Two days before SpaceX was to launch a communications satellite that would widen Internet access in Africa, an unmanned rocket and its payload were destroyed in an explosion on a launch pad in Cape Canaveral, Fla. Smoke billowed from the pad where the AMOS-6 satellite was to be launched Saturday morning.
A "significant explosion" hit the launch area early Thursday, the 45th Space Wing at Cape Canaveral Air Station tells member station WMFE's Brendan Byrne. It said no casualties were reported and that there was no threat to the public's safety.
SpaceX says "an anomaly on the pad" caused the explosion. Disaster struck as workers at the launch pad prepared for a test firing of the rocket.
The explosion occurred as the rocket was being filled with propellant, says SpaceX founder Elon Musk, who adds in a tweet that the blast originated near the upper stage oxygen tank.
You can see the blast for yourself, thanks to a veterans group that had a camera trained on the space vehicle this morning. The explosion comes shortly after the 1:10 mark.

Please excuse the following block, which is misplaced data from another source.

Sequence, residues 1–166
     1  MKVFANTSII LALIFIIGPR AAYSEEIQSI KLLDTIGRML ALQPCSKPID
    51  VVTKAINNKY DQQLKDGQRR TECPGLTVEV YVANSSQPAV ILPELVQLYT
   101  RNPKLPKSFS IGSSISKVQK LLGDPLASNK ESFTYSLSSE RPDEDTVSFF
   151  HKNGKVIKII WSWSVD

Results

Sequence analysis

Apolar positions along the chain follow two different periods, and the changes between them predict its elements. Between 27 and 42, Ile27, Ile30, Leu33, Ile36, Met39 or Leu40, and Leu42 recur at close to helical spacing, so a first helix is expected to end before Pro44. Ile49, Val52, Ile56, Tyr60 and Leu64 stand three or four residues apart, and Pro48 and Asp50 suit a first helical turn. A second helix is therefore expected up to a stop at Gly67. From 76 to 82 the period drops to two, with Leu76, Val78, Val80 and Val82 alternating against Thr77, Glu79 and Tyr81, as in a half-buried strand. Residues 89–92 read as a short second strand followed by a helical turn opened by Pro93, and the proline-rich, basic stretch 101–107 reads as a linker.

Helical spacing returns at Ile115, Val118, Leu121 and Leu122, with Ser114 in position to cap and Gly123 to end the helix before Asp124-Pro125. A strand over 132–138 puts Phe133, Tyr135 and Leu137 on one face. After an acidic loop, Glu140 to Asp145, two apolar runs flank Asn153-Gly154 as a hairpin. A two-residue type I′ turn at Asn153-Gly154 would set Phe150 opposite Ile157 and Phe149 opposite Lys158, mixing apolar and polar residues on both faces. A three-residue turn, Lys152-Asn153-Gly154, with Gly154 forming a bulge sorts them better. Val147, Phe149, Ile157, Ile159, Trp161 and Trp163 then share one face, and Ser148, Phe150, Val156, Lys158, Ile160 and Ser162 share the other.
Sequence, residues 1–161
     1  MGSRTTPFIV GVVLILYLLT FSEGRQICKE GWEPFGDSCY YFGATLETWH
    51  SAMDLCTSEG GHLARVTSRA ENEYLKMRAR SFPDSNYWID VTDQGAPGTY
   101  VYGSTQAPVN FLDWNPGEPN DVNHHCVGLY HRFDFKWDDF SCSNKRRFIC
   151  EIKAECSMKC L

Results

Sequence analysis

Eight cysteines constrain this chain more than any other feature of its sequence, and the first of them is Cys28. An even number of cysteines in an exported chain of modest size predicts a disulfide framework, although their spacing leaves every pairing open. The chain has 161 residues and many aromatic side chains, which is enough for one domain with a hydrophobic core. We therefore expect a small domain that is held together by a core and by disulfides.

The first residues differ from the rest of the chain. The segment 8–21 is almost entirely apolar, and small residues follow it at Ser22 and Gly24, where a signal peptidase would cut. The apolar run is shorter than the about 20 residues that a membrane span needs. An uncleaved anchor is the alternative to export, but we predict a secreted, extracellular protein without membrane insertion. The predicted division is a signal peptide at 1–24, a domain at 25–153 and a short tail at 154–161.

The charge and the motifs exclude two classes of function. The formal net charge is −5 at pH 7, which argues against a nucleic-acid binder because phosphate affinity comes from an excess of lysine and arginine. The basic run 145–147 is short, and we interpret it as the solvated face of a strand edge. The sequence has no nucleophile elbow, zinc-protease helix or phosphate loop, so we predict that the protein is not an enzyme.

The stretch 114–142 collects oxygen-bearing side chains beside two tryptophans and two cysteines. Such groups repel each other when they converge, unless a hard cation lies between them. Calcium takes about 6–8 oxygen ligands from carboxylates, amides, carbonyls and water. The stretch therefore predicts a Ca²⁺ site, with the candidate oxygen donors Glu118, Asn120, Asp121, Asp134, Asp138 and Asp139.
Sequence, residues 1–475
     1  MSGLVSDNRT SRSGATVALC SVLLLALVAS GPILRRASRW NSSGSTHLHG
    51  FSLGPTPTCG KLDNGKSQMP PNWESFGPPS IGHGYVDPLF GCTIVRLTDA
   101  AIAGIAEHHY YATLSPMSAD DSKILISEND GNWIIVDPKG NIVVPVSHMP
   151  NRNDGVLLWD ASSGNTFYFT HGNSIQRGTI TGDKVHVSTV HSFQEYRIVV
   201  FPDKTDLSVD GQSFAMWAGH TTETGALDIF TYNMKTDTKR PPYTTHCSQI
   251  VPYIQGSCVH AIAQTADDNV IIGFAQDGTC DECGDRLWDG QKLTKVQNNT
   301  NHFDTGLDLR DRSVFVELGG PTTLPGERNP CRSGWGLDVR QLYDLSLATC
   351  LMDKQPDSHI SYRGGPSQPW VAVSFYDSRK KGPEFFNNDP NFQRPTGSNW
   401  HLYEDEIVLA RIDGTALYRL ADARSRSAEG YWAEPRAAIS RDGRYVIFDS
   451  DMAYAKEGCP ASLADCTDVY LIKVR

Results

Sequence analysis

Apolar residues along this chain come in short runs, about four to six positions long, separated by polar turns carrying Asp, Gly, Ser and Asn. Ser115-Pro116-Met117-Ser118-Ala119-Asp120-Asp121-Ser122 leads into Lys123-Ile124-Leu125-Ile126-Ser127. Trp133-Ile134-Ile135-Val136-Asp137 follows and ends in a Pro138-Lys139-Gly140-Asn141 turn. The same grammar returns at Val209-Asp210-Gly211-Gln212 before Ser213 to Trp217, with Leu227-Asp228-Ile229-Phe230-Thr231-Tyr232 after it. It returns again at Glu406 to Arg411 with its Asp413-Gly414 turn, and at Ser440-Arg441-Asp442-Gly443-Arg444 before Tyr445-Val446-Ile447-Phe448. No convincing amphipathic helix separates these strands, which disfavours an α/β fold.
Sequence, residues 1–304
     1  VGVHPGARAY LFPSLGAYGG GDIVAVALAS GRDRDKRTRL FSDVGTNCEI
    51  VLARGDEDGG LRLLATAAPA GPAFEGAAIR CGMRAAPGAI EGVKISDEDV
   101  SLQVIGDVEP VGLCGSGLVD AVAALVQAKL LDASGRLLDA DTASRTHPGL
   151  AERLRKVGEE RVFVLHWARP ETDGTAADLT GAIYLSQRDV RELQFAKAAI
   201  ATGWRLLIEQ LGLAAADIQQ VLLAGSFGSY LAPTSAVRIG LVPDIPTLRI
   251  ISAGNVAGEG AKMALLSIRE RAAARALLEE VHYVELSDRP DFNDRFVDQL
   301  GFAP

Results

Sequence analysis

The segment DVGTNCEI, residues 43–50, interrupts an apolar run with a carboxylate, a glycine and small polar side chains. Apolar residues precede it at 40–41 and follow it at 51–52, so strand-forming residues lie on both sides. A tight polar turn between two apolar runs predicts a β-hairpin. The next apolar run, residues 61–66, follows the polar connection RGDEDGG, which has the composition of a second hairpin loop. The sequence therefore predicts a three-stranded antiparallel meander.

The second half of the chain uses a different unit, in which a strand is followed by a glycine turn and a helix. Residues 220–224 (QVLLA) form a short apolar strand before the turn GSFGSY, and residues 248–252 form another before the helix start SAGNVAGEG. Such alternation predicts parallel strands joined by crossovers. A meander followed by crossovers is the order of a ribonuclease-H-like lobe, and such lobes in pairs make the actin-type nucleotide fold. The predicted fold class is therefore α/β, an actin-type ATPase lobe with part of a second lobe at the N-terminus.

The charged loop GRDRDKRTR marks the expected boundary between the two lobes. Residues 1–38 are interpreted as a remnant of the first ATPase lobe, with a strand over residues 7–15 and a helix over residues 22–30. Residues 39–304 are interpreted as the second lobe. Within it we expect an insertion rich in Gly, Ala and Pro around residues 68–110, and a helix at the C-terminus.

The launch, which had been planned for 3 a.m. ET Saturday, was significant for a number of reasons.
The payload included a communications satellite meant to provide direct Internet access to large and remote swaths of sub-Saharan Africa, in a program led by Facebook that also includes Eutelsat and Spacecom, the Israeli company that made the AMOS-6 satellite.
After the loss of the rocket and its payload, Facebook founder Mark Zuckerberg posted an update from Africa to say he is "deeply disappointed to hear that SpaceX's launch failure destroyed our satellite that would have provided connectivity to so many entrepreneurs and everyone else across the continent."
Zuckerberg added that his company has other technologies in the works, "and we will keep working until everyone has the opportunities this satellite would have provided."
The explosion follows a run of recent successes for SpaceX, including landing part of its Falcon 9 rocket on a floating barge as another stage continued into space. But there have been setbacks — including a rocket that exploded as it attempted to land on a barge in January, and another rocket that blew up shortly after takeoff last summer.
This is a breaking news story, and we'll update this post with reliable information as it emerges.
For a brief period, this story stated that the exploded rocket was the first one to be reused by SpaceX. In fact, the first mission that will rely on a previously used rocket is slated for launch later this year, as was recently announced.